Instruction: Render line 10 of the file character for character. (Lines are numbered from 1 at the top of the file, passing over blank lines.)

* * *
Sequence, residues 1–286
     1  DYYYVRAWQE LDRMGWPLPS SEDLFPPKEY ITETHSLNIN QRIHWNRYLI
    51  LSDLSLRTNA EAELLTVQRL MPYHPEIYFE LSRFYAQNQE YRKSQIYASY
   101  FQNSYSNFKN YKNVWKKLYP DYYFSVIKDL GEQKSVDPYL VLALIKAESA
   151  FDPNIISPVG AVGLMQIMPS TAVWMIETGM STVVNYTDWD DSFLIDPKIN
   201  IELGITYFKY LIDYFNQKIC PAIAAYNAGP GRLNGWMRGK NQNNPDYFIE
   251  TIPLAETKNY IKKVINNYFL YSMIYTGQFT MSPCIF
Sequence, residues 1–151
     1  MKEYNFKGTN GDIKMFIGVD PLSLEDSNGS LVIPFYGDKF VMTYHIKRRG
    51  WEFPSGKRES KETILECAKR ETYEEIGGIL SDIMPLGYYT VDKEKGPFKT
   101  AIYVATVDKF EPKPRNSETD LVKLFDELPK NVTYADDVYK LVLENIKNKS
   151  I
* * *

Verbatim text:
    51  WEFPSGKRES KETILECAKR ETYEEIGGIL SDIMPLGYYT VDKEKGPFKT